Comparing the directory interfaces of the upper and lower layers, we can find that there are many similar parts, such as libs, res, assets folders, and AndroidManifest.xml files. These are the files required for a standard Android project. The function of the Android packaging tool that comes with Unity is to organize the contents of the above folders in a fixed way and compress them into the APK file.
Next, let's take a closer look at the operations performed by Android packaging tools.
1. There are many *.jar files in the libs folder, and *.so files placed in a folder with a fixed name. *.jar files are files compiled by the Java compiler. When Android is packaged, all jar files in the project will be merged, compressed, and recompiled into classes.dex files, which will be placed in the root directory of the APK. When the application is executed, the Java virtual machine (Dalvik or Art) in the Android system will interpret the bytecode in classes. dex and execute it. Compiling many jar packages into classes.dex files is an indispensable step in packaging Android applications.
At this point, some might wonder if this is accurate. This step only converts .jar files into a dex file. Wasn't the generation of .jar files from Java files done in an earlier step? You're correct. Generally, the .jar files used here are generated by other Android IDEs and then copied over. The later parts of this article will cover how to use Android IDEs and generate the necessary files.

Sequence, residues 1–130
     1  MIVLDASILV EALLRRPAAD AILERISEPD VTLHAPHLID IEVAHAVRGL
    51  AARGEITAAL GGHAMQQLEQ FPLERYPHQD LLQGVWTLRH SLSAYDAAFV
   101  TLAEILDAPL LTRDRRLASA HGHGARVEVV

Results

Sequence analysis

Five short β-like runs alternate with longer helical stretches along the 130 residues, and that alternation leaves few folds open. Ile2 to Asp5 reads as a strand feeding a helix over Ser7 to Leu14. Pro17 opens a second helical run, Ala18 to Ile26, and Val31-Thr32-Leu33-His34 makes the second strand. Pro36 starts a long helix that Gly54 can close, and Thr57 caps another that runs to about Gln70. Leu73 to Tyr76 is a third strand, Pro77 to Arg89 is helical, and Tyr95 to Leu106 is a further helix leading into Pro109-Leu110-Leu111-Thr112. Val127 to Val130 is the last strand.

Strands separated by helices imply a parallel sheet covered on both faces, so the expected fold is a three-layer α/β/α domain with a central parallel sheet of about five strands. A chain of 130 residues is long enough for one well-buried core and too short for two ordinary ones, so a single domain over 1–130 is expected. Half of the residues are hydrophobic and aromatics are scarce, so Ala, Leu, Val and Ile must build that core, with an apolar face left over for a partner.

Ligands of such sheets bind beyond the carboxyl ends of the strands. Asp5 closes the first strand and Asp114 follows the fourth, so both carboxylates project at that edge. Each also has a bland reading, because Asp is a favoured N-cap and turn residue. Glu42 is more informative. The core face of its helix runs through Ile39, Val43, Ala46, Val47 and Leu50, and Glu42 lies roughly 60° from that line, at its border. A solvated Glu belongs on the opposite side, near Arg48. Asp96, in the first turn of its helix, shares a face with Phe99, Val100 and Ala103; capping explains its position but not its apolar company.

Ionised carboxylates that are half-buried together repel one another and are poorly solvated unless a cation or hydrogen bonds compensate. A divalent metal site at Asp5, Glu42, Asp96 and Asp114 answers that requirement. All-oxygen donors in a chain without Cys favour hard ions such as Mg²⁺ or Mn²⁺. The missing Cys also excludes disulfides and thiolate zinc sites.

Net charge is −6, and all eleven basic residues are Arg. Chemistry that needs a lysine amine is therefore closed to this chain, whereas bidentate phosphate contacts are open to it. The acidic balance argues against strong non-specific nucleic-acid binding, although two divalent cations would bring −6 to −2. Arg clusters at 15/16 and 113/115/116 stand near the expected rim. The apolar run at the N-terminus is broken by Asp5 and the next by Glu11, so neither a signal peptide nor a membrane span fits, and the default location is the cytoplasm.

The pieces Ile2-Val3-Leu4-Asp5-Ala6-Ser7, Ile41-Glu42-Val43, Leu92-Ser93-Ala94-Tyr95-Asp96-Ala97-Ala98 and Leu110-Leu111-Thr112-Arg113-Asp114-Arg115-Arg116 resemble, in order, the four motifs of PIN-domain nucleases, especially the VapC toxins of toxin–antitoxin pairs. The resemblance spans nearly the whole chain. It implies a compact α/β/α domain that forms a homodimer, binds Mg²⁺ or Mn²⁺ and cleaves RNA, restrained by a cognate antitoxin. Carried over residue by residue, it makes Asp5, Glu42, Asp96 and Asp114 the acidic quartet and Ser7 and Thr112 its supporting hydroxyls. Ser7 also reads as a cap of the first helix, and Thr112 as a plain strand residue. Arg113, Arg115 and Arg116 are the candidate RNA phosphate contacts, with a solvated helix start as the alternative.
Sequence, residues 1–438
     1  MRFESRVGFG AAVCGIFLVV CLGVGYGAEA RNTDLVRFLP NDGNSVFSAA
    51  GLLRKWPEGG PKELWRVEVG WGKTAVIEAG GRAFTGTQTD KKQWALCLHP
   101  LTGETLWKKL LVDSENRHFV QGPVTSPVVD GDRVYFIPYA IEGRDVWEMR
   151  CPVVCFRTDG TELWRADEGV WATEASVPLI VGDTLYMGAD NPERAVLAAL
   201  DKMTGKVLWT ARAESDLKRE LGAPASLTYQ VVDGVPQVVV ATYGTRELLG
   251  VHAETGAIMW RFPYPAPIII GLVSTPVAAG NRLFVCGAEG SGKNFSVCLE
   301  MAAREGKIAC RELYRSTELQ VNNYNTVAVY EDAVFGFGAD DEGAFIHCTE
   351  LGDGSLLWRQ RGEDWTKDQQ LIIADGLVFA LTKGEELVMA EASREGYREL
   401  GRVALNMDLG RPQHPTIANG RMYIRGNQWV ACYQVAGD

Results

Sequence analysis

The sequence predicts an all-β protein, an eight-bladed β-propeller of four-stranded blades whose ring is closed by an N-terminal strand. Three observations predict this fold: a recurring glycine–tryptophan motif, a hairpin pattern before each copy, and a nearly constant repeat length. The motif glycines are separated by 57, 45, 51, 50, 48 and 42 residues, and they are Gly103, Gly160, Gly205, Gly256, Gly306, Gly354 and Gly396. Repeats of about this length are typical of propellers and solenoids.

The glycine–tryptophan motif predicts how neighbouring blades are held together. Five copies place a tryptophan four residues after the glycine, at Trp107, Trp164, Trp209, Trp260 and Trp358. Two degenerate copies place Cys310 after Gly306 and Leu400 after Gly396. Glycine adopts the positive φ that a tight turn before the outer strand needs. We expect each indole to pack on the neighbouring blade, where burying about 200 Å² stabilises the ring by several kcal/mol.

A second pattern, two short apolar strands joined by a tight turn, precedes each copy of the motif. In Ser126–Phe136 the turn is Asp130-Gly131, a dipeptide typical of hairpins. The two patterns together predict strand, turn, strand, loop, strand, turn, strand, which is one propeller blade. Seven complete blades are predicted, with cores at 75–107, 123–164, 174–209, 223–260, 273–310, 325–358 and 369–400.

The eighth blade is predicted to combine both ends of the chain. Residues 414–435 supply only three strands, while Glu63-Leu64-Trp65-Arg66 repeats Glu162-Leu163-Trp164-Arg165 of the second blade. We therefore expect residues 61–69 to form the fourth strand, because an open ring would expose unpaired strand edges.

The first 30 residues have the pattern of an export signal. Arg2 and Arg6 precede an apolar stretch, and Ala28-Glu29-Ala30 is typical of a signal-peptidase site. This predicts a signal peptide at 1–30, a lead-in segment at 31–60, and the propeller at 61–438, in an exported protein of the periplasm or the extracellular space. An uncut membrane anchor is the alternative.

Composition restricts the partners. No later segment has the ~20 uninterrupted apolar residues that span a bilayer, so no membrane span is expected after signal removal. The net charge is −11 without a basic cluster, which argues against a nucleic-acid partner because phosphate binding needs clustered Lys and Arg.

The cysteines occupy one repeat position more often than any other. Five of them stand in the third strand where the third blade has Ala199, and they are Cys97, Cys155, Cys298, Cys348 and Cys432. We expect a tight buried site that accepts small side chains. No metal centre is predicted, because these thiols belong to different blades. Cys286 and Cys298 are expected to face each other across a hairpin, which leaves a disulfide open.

2. The *.so files in the "libs" directory are dynamically loadable library files that can be loaded by the Android system. These files are typically written in C/C++ and compiled into binary format. It's important to note that due to variations in the CPU architectures that execute these binary libraries, the same C/C++ code is usually compiled into different files targeting different CPU architectures. This is why the "libs" folder often contains several fixed directories such as armeabi-v7a, armeabi, x86, and others, each containing .so files with the same naming convention. When the Java Virtual Machine loads these dynamic libraries, it selects the appropriate .so file based on the current CPU architecture. Sometimes, these .so files can be executed on different CPU architectures, albeit with slightly slower performance on non-matching architectures. Therefore, when prioritizing speed, it's advisable to generate specific .so files for each architecture, and when focusing on package size, generating an armeabi .so file would suffice.